BioDiesel Co-op?

The word "small" simply isn't part of Tom Fouts vocabulary.

He and his wife, sister-in-law and her husband were looking for a place together on Guemes. When his sister-in-law, Deb, discovered a one-acre, fully-enclosed, horse arena halfway up the side of Guemes Mountain, they knew they'd found what they were after. That it had been built in an area where it was impossible to pasture horses didn't bother them for a second. They built out one end of the arena to be Tom's home and shop, the other end was built out to be his sister-in-law's residence. Their heavy equipment parked nicely in the three-quarter-acre "garage" between their homes. The hot tub was put in an old horse stall and Tom and Deb were ready to begin where most people would stop.
Tom's garage

"If Deb is anything, she's determined," Tom notes. (This from the horse's mouth.) With a flat-bed, a dump truck, a backhoe, a few assorted tractors, and a big chunk of land to work, he needed an efficient and convenient source of fuel. Rather than install a large diesel tank and a pump in the back of a pickup, they went into the BioDiesel business.

"She's the one who challenged me about the bio-diesel project and was hands on building the reactor. She has also been a significant contributor in the organizational structure of the on-going process."

What is BioDiesel? Well, diesel fuel comes from the ground. It's a petroleum distillate, just like gasoline and plastic. BioDiesel is made from vegetable oil. No drilling of vegetable oil wells. No peninsula-sized, vegetable-oil refineries required to crack petroleum distillates. All BioDiesel requires is a decent source of vegetable oil. Yup, the same thing food is fried in. As a matter of fact, exactly the stuff food is fried in.

Here's where the road splits a little bit. There is virgin oil and recovered oil. Each has its advantages. Virgin oil comes directly from grown crops, corn for example. The drawback here is energy must be spent to plant, tend, harvest, and process the crops to get the oil. This adds to the cost of the final BioDiesel until it is little cheaper than petroleum diesel. However, remember the bit about no vegetable oil wells. Totally renewable. All you need is farmland. That's a nice advantage, and the resulting BioDiesel fuel can be excellent.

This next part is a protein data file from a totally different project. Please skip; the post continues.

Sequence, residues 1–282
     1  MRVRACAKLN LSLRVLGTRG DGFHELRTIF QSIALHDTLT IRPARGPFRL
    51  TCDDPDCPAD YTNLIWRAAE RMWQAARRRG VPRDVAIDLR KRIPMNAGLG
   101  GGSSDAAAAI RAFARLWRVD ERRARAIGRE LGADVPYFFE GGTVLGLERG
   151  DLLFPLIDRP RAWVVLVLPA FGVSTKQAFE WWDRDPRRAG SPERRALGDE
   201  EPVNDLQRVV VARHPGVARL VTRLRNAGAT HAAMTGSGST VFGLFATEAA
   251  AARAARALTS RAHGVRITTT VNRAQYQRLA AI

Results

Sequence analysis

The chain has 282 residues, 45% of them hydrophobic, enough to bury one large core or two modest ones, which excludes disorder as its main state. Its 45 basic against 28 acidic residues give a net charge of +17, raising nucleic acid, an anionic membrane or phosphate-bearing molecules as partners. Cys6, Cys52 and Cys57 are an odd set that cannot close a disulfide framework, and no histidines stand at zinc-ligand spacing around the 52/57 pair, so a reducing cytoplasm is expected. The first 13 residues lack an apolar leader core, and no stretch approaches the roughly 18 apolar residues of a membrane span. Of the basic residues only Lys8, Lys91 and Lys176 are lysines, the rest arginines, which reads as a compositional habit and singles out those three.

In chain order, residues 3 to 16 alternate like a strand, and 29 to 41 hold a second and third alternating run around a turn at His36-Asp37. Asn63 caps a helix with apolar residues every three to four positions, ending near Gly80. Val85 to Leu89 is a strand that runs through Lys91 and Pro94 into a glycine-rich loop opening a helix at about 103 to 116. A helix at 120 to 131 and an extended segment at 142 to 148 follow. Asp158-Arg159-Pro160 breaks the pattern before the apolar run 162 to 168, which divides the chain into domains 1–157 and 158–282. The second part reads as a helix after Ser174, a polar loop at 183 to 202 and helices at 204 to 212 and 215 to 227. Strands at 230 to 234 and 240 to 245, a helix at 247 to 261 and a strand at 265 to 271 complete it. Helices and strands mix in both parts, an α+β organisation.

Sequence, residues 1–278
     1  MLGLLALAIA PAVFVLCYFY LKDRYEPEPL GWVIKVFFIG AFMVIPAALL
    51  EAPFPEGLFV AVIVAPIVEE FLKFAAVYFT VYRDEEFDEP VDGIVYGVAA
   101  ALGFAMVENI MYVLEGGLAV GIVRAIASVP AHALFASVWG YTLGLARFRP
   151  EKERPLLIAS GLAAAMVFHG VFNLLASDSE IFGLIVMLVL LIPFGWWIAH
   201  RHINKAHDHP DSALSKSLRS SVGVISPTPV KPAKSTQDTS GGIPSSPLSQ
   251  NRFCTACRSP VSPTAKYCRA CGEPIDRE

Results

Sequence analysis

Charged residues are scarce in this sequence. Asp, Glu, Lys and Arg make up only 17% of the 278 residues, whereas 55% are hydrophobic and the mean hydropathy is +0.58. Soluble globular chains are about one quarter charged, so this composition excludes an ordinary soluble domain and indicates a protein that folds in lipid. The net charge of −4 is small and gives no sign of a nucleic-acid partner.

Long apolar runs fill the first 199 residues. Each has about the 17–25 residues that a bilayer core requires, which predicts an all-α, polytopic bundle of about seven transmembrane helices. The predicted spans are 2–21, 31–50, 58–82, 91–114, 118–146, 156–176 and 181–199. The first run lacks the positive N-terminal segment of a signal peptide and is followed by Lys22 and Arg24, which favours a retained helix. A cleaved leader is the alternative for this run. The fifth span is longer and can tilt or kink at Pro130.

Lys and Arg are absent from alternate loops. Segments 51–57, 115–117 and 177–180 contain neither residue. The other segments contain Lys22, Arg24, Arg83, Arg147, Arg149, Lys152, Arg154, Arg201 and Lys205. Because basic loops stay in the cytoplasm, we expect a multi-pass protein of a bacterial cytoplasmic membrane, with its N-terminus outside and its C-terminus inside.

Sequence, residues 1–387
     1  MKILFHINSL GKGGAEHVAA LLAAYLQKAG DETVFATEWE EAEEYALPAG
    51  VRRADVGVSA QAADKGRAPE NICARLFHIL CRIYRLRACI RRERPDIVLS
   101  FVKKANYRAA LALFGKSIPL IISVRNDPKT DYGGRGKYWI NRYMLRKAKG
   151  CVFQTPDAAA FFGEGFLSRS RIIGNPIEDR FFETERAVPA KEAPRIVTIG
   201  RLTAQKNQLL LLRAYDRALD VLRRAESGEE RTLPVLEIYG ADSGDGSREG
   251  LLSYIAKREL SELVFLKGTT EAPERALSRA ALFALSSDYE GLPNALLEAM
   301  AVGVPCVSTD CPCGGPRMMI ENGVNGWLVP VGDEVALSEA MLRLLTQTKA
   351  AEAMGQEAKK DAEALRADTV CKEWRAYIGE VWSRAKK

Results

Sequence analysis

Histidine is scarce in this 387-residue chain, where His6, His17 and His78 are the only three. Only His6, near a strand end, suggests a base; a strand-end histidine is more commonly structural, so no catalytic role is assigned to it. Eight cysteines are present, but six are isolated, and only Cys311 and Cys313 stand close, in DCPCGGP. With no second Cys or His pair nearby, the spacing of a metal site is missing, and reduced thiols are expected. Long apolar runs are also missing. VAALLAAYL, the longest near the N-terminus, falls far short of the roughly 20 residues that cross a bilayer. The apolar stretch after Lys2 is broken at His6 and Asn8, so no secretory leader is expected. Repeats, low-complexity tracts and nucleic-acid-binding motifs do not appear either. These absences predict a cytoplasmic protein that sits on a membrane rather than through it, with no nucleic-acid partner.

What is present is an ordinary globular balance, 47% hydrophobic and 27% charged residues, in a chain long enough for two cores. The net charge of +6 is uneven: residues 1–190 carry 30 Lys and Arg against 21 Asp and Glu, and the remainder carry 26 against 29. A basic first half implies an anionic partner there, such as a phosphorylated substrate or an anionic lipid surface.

BioDiesel based on recovered, used, oil is a favorite of the "home cooker." It starts with a different and less expensive source. Restaurants usually have to pay to have old oil removed and carted away for processing and proper disposal once they're done with it.

Tom offered to gather it for free. He gave each restaurant a 55-gallon drum. "Dump it in there when you're done frying with it." Once a month, he takes his truck over, pumps out the barrels and heads home with a tank of used vegetable oil. Not just any restaurant will do. "Some use better types of oil for BioDiesel processing. And some, they just use it to death. Trying to make BioDiesel out of MacDonald's oil is a complete waste of time. They've used the oil until there is nothing useful left in it at all. I look for higher end restaurants." He is currently working with Anderson's Store about the type of fryer oil they use as well. "If their food is as good or better, and the oil doesn't cost them more, I can get better results from particular oils."

But recovered oil isn't for all seasons. "I can run BioDiesel for about 9 months of the year. No conversion to my equipment is needed. No loss of power either, it all runs without a problem. But December through February the fuel remembers its origins and tries to turn back into peanut butter inside the engine. It doesn't work as well then." He could put heaters in every vehicle's fuel tank and run them through the winter, but then he faces increased energy bills or having to wait a few hours between turning on a heater and using the vehicle. "I use conventional diesel then. I'm nor running much equipment in the winter anyway."

How does vegetable oil get from the deep-fat fryer into a gas tank? Well, it can't simply be poured. BioDiesel is cooked. Tom's "kitchen" sits on a small trailer in his shop.
Mobile Fuel Cooker

"It takes about three days to cook a batch in the reactor (the silver tank at the front of the trailer). I have to do three to four hours of work over those three days. The process doesn't take long, but it is a bit fussy, heating and cooling, additives and stirring, draining off the byproducts." One of the major byproducts is glycerin, gallons of it. Tom sells it to people who clean it further and put it in lotions, hydraulic fluid, and other lubricants. "It offsets the cost of the BioDiesel a little bit."

A gallon of BioDiesel costs Tom around $1.40, that's not a typo. That includes the energy to process it all, the ferry fee and fuel (biodiesel) to fetch the oil, even the consumables, such as filters. "I make one batch a week, about 35-40 gallons. Plenty to operate all my equipment."

But, the word "small" simply isn't part of Tom's vocabulary. He has his eye on a bigger cooker. "I'd like to start a Guemes Island BioDiesel cooperative. I'll supply the equipment. Glad to share it. We'd work together to gather the oil and cook it."

Anyone interested in running your diesel car, truck, or tractor on fuel that costs under half the going rate? Interested in fuel that comes from plants rather than vast holes in the ground? Want to come play!? Contact Tom at: tom@guemesenergy.org or talk to him the next time you see his truck in the ferry line coming back with a load of used vegetable oil on his way to cook some BioDiesel.

Biodiesel -cleaner burning & renewable

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